IKEA STOCKHOLM Mid Century TV Stand Redo


We needed a long, low TV stand for a new big screen so off to IKEA we went. We settled on the IKEA “Stockhom TV Stand” in walnut finish. From a functional standpoint is great but it’s cosmetically very plain hence my modifications.

IKEA stockholm-tv-unit
Photo: IKEA.com

First thing I did was remove and paint two of the three door panels. One in a mustard yellow that matches our couch and the other in a dark grey. The third door was left alone. The two doors were removed and primed with 2 coats of aerosol stain blocker/primer. Once the primer dried I used ordinary interior latex and applied 2 coats with a foam roller. The primer and latex dried fast and I was able to reattach the finished doors within a couple of hours.

IKEA Stockholm Mid Century TV stand - close up

Next thing I did was search online for some midcentury drawer pulls and found some small, really cool solid brass knobs. Pilot holes were drilled and then larger holes were drilled and the knobs were then attached. These had to be mounted relatively low on the doors because the doors slide into the top of the cabinet space and out of the way. As it is now the doors stop about an inch and a half from being fully pushed in. This is of no consequence however.

Brass knobs

The last phase and most involved was getting rid of the original legs and fastening new, tapered midcentury-style legs. To do this I removed the solid wood framework underneath the stand that the legs are attached to. This entire assembly is solid wood (the rest of the unit is particle board) and provides support to prevent sagging. The framework disassembles into 4 pieces. 2 pieces with the legs and 2 long beams that attach to the leg units. The long beams are left unaltered.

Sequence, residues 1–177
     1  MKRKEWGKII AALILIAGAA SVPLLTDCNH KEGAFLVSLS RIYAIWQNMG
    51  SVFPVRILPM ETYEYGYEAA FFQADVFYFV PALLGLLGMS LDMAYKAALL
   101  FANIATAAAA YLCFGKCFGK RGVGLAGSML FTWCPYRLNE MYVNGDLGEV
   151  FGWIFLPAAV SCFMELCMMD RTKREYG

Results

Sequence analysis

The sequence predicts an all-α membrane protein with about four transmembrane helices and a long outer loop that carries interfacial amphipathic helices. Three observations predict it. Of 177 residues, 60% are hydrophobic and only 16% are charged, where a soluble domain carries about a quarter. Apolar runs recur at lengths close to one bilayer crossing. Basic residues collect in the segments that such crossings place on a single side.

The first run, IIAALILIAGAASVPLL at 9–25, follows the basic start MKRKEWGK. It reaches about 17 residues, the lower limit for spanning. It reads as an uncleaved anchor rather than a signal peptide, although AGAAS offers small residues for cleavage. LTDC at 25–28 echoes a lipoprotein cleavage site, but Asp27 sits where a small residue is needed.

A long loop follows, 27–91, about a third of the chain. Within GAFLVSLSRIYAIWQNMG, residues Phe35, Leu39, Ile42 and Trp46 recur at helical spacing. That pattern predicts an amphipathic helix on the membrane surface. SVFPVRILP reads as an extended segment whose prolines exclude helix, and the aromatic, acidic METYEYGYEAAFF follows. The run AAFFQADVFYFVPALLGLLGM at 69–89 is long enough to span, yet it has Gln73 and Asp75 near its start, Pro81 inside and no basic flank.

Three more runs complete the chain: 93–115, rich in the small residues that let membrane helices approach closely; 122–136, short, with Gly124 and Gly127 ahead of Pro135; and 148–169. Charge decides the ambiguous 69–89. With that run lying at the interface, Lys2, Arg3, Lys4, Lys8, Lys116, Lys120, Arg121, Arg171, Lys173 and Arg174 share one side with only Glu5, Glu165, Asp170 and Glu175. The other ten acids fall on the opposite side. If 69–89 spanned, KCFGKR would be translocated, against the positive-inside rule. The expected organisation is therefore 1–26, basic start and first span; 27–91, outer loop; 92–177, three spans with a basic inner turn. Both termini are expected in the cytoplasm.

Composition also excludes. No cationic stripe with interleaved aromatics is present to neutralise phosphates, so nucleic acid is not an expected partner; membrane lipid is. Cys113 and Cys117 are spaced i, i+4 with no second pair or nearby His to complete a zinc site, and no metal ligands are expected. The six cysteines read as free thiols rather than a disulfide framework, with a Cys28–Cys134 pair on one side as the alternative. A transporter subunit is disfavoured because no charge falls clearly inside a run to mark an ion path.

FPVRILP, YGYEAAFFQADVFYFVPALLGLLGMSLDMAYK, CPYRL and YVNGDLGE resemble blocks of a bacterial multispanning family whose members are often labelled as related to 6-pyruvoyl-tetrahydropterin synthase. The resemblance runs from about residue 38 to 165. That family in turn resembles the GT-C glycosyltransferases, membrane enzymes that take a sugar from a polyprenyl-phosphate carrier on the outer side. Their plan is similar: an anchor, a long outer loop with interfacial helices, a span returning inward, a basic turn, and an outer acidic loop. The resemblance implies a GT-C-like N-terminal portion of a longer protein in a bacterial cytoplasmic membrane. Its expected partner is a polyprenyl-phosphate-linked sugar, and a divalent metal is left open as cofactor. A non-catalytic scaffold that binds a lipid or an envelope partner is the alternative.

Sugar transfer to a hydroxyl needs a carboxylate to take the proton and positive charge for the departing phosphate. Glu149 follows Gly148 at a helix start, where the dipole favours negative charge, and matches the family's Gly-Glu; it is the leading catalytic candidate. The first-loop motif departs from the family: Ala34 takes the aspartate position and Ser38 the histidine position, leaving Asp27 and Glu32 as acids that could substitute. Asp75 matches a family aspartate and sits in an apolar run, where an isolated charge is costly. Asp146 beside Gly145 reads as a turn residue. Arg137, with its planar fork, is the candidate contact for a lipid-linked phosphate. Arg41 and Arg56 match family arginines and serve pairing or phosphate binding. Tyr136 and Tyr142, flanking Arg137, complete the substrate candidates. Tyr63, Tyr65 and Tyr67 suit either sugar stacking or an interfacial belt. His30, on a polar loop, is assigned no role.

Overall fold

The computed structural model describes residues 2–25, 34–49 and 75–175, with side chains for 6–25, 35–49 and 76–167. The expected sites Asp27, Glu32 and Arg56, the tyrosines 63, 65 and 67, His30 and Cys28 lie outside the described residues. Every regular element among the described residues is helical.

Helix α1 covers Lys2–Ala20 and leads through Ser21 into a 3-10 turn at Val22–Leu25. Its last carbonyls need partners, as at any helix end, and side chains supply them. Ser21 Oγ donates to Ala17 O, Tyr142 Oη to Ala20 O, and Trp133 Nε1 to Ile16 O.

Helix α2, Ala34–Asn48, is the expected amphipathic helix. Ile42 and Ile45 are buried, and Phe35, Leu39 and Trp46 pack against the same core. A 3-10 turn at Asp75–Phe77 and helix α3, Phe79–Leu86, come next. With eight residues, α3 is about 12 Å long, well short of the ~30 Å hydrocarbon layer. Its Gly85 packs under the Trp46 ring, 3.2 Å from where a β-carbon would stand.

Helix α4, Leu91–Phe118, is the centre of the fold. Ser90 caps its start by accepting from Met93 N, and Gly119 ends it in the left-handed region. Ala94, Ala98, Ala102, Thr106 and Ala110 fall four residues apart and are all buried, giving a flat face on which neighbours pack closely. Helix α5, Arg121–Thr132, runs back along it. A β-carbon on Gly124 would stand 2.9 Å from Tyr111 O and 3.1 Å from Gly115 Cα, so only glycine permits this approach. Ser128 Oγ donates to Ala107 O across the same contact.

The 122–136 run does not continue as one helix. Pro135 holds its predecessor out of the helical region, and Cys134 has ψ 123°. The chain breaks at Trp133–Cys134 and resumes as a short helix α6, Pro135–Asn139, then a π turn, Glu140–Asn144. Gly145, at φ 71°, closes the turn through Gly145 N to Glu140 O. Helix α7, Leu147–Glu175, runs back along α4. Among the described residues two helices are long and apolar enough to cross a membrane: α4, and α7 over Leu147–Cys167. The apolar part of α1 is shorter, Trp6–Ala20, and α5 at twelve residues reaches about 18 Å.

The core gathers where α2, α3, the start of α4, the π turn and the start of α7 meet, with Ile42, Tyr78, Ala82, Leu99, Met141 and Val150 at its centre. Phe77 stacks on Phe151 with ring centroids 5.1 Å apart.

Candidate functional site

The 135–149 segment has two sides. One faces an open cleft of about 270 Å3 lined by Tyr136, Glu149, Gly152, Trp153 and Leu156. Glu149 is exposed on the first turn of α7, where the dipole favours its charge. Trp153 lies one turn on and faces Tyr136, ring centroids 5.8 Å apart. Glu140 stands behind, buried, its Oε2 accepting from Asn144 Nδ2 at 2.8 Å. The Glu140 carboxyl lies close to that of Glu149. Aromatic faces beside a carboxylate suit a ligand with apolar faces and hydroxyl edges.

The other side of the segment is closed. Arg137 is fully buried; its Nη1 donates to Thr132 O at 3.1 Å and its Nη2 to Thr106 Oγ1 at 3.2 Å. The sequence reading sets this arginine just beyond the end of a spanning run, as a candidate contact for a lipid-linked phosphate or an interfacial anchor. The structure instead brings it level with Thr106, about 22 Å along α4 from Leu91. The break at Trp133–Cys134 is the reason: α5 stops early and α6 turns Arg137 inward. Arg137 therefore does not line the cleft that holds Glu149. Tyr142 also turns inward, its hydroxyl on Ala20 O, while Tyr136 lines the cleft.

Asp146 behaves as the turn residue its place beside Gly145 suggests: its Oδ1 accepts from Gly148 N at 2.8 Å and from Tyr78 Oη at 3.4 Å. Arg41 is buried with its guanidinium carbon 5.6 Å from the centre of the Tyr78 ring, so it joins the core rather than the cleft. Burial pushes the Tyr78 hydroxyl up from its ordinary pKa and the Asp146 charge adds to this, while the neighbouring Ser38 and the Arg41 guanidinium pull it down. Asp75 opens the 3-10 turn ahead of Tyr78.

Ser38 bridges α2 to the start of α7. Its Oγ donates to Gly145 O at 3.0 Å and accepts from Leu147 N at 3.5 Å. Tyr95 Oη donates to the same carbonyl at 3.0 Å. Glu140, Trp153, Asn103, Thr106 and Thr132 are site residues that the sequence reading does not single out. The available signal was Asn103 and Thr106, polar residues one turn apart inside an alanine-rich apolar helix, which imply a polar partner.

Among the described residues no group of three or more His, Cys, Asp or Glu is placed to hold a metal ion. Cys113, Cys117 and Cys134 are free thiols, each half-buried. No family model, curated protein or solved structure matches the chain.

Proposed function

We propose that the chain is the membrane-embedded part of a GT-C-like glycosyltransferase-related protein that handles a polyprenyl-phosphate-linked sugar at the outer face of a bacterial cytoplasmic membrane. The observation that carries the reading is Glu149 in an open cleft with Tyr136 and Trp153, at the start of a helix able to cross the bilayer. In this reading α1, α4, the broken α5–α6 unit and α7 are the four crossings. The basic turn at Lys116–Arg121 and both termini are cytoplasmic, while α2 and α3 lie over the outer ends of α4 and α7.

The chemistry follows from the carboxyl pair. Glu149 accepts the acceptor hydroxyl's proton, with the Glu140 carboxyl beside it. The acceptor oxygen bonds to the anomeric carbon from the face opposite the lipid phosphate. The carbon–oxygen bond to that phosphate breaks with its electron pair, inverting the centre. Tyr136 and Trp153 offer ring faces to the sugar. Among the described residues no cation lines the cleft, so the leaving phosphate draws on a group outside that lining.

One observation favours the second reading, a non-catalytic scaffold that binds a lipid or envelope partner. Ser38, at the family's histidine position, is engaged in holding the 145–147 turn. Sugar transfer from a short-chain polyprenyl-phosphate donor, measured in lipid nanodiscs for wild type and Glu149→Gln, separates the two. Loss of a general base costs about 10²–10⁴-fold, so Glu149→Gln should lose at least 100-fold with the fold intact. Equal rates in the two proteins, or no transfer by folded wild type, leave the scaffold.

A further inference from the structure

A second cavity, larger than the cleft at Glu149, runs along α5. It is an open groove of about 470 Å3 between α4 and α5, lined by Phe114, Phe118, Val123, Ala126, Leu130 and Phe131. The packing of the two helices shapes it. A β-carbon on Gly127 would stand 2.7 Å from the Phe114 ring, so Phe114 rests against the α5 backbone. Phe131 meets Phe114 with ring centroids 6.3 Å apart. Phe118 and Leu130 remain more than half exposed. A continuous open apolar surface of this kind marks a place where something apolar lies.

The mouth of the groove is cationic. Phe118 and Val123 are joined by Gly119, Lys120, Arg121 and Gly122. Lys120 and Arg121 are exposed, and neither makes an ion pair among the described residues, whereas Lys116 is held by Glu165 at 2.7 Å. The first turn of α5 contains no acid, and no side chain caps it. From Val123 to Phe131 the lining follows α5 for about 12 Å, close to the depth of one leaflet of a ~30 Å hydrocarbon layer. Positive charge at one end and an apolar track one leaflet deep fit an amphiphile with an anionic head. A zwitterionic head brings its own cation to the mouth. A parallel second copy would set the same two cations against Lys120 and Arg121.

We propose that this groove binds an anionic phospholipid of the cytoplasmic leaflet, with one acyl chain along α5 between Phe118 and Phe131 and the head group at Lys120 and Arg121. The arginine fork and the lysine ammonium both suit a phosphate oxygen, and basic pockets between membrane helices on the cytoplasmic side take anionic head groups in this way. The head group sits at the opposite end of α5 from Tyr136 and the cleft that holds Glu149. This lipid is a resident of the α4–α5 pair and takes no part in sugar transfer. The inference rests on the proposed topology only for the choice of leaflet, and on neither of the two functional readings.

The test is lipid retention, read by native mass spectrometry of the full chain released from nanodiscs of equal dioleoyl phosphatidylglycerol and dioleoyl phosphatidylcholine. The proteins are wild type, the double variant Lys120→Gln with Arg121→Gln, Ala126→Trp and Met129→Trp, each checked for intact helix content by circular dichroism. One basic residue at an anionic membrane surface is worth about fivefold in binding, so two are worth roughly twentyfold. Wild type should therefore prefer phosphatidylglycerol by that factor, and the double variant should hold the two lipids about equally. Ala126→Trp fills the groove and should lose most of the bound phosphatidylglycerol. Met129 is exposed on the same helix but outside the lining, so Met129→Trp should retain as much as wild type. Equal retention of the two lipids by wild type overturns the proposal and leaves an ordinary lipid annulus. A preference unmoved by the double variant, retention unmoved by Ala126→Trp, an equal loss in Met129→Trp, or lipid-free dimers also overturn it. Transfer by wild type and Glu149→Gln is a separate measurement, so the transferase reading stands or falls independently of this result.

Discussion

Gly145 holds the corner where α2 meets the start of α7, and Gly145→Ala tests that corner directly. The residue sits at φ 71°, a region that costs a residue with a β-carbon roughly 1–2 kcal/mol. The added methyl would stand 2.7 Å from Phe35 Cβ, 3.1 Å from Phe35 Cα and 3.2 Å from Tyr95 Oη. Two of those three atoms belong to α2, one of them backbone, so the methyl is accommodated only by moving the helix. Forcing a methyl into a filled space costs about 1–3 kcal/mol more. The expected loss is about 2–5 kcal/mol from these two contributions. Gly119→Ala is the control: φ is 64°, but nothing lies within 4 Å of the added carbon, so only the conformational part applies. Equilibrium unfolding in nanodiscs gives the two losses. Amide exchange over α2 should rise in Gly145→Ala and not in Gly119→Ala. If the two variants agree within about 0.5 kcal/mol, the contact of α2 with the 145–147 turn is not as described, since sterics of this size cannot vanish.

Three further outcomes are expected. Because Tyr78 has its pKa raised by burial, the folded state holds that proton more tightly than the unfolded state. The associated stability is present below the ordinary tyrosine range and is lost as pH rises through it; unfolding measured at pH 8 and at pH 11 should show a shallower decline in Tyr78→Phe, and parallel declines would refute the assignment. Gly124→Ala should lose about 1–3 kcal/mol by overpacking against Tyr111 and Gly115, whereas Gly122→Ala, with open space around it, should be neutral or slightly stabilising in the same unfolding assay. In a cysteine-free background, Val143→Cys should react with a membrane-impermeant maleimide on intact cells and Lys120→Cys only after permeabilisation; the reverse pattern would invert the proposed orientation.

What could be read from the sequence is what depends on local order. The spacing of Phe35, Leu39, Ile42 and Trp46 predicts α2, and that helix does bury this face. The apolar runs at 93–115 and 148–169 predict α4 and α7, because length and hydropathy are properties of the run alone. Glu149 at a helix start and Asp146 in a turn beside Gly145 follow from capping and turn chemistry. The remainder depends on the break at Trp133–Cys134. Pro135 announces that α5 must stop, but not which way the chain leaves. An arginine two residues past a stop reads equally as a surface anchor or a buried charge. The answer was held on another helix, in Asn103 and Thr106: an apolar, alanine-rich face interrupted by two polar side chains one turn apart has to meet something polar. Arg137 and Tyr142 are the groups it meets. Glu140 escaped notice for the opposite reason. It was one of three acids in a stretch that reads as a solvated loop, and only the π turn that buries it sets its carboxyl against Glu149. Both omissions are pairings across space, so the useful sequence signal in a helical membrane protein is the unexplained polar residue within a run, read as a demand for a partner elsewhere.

Leg frame where I cut and stained

I sawed the legs off flush with the rest of the leg unit frame using a table saw and the small extensions that the legs were attached to. It was very easy to do and any saw would work fine. I then reattached the leg framework and the 2 associated beams. The two leg extensions that were removed left two white areas of raw wood that face the front so I used dark wood stain to hide that.

I found 4 tapered midcentury legs from an online supplier and the associated mounting brackets. I bought 8″ ones in red oak. These were stained with one coat of wood stain I had laying around the house and matched the veneer very well. Once installed, the length allows the table to come within a half inch or so of the original table height when using the angled brackets.The brackets can either be straight so the legs extend straight down or angled to give the splayed look. I chose the angled ones and have the legs angled to the sides. These particular metal brackets have four mounting holes and I placed them on the four corners so that at least 2 of the wood screws would extend up into the walls of the cabinet for better strength. Pilot holes were drilled first. I used two, 2″ deck screws for each mount. For the other two holes on each mount I used the screws supplied with the mount. These worked fine and didn’t pierce the floor of the cabinet.

The pics are of the original stand as it comes from Ikea, modified stand, pic of knobs, pointing to cut area of leg frame that I stained, and a few others. I didn’t take pics during the process which is why I have no pics of my stand once I originally assembled it. It was only later that I saw another much more expensive midcentury stand that gave me the idea to modify mine. After that, a buddy told me about your website.

Tool/Supply List:

  • Electric drill for drilling pilot holes for leg brackets and handles and associated bits.
  • Handles for doors.
  • Primer and Paint
  • Wooden legs
  • Leg mounting brackets
  • Saw
  • Stain
  • Eight, 2″ wood screws


~ JC

Jules Yap